Sunday, January 27, 2013

Turkey Tracks in Snow

There is no mistaking the evidence that wild turkeys visited the berm area in the past couple of days. In the image below you can compare the turkey track with the smaller tracks of a crow. Their tracks in the snow are at least twice as wide as a crow's and it is easy to see the individual toe marks.

I have very rarely seen a turkey fly as they mostly get around by walking. I followed the tracks of the one that landed below as he walked with his friend along the berm from the 2009 planting to the 2010 planting. I wonder if they continued on and visited Ben Franklin Wood.

This is the first time I've seen wild turkey tracks in Manordale. Wild turkeys were only introduced to eastern Ontario about 20 years ago and Ottawa about 12 years ago. This area is north of their historic range but they have been very successful so far.

Friday, January 25, 2013

Winter Rabbit tracks

The temperatures plunged this week from above freezing on the weekend down to around -30C. This with a dusting of new snow made it an excellent time to go looking for tracks on the berm. There were a whole load of fresh crow tracks in among the 95 trees. It must have been a whole flock of them giving the forest a good picking over. There were also a few rabbit tracks.

The picture above shows heavy browsing on an apple tree by a rabbit. This apple tree is rather bushy because it is just the regrowth from the root stock after a crabapple tree fell down a couple of years ago. I find it incredible the number of pellets he produced. The snow fell a couple of days ago so this pile is just from the past two days. I followed the tracks of another rabbit through the woods and he also was passing a huge number of pellets. Every few feet along his track there would be another pellet. And it was clear this was just one rabbit; the track was wandering around so much it couldn't be the pellets on a rabbit run poking out of the snow. It is purely my speculation, but I believe the rabbit I was following wasn't actually feeding but was just out in the cold -20C degree weather to pass scat and would have quickly returned to his burrow afterwards. I located his burrow to be an old groundhog hole (in center of picture below) under a glossy buckthorn bush by the eastern path over the berm. Cottontails don't make their own holes but they aren't above using one if there is one available.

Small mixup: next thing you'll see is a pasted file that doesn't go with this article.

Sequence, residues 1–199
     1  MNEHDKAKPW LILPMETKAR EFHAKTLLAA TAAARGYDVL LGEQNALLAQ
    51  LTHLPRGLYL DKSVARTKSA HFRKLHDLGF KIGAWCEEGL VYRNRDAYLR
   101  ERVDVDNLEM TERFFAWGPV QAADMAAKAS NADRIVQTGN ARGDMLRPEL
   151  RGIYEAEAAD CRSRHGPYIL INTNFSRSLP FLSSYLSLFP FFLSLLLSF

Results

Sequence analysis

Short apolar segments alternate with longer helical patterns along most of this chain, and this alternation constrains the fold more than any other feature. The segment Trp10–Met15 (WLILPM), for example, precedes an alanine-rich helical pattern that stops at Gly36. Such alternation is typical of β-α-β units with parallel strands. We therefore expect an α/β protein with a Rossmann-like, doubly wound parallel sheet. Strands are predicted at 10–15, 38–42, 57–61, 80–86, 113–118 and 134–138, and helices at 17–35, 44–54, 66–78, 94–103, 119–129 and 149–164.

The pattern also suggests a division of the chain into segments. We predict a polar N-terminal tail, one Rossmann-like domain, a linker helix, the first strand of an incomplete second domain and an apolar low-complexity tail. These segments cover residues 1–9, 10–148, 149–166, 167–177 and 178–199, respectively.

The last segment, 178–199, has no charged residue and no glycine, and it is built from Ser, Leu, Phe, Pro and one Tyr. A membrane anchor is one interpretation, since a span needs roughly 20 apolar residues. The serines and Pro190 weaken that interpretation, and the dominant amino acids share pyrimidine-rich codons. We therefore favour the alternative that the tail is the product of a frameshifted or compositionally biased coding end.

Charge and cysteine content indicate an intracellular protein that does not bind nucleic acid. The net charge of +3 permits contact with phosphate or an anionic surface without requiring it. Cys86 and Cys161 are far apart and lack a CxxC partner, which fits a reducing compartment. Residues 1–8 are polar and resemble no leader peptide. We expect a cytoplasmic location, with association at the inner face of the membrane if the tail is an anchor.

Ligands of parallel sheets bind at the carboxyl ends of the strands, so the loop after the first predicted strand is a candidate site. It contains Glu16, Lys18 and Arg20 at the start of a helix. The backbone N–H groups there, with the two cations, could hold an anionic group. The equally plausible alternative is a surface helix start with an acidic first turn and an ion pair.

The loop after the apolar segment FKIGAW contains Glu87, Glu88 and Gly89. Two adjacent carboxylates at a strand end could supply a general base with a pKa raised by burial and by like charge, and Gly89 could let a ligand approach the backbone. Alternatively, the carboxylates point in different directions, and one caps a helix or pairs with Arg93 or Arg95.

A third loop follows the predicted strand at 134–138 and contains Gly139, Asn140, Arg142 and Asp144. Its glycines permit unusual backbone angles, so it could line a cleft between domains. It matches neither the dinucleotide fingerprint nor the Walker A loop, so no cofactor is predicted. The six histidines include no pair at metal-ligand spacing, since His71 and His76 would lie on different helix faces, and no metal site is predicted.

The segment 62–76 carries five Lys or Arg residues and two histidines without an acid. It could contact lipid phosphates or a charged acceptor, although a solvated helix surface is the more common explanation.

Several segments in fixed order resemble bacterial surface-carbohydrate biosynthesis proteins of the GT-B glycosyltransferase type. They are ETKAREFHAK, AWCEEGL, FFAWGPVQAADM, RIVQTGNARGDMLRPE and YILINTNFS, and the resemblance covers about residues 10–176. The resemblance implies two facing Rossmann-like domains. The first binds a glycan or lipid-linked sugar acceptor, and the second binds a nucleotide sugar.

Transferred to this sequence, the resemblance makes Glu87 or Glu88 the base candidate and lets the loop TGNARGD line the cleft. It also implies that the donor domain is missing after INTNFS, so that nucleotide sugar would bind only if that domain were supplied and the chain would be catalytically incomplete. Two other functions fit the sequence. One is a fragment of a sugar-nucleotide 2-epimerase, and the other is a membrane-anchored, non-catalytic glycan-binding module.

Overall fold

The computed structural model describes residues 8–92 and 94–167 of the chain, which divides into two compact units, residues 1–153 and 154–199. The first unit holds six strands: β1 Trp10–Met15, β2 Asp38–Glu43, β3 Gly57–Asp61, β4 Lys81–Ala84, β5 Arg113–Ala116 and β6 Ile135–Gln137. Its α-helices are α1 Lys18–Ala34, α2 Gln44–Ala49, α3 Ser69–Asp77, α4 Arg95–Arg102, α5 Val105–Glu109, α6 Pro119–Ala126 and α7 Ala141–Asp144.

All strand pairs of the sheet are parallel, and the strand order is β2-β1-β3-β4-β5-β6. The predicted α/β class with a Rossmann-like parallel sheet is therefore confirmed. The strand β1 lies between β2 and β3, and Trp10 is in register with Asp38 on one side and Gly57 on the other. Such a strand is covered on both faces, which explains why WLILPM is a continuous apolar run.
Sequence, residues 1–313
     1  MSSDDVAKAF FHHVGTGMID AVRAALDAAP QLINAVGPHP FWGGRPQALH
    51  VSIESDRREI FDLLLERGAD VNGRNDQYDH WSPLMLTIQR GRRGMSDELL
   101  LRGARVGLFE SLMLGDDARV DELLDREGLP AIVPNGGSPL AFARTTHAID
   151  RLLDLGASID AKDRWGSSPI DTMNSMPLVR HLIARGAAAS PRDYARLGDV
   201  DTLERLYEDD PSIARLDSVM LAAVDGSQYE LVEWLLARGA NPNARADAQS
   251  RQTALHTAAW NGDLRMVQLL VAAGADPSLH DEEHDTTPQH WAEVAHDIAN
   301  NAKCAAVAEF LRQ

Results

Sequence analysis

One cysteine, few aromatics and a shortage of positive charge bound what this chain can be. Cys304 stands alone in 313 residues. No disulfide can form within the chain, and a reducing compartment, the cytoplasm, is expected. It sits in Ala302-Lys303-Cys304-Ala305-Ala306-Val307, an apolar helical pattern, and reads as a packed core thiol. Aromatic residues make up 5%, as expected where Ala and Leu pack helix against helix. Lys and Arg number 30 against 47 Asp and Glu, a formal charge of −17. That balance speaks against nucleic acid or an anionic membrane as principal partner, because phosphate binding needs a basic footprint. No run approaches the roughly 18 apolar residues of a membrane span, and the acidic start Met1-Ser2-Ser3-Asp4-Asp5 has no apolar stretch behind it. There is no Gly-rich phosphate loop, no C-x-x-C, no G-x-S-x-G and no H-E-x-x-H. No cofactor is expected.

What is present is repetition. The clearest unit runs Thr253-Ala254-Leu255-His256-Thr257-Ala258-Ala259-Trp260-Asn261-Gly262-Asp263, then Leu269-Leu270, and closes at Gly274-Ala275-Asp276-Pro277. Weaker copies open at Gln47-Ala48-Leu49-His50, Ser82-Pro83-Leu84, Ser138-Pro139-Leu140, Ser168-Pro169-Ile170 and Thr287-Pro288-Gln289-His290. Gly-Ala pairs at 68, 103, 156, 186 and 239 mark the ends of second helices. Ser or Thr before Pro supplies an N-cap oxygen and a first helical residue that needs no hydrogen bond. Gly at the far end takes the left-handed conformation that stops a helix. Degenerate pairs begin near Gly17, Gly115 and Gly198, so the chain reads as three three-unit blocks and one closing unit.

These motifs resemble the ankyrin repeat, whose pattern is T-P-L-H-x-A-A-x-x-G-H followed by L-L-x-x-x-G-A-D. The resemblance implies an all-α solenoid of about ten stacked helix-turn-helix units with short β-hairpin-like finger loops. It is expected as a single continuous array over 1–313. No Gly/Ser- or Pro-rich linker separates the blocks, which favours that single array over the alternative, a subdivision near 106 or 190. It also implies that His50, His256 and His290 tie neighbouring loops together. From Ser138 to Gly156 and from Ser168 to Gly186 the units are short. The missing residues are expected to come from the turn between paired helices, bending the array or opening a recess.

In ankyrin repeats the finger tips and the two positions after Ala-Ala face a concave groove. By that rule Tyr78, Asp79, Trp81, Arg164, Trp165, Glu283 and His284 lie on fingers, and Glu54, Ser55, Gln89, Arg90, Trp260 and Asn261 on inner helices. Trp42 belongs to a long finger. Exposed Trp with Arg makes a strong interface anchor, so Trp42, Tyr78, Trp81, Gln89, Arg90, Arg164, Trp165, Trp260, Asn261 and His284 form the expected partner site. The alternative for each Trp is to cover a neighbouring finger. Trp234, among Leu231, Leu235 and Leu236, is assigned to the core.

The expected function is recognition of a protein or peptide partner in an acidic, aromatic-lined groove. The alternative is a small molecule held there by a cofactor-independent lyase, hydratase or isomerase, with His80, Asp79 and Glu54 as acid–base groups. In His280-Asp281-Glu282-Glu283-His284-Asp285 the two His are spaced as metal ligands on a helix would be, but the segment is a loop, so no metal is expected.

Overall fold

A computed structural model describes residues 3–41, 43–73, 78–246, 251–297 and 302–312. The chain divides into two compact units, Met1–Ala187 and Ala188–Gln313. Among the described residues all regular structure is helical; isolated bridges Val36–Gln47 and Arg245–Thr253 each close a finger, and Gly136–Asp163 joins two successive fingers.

Last year there were hardly any rabbits overwintering on the berm. This year there seems to be at least two: one on the east side living in the old groundhog hole and another living along the fence behind Kelvin that occasionally visits the crabapple trees.

Thursday, January 3, 2013

Snowy New Years

I came back from Christmas in rainy Vancouver and was greeted by this wonderful blanket of snow. It was almost up to my knees when I trudged through it to inspect the goings-on on the berm. Not much is happening. There were very few tracks in the snow except my own.

Around New Years is the latest sunrise of the year, coming up in Ottawa at 7:43AM. From this point on the days are getting longer by more than a minute a day.

Can hardly wait for spring.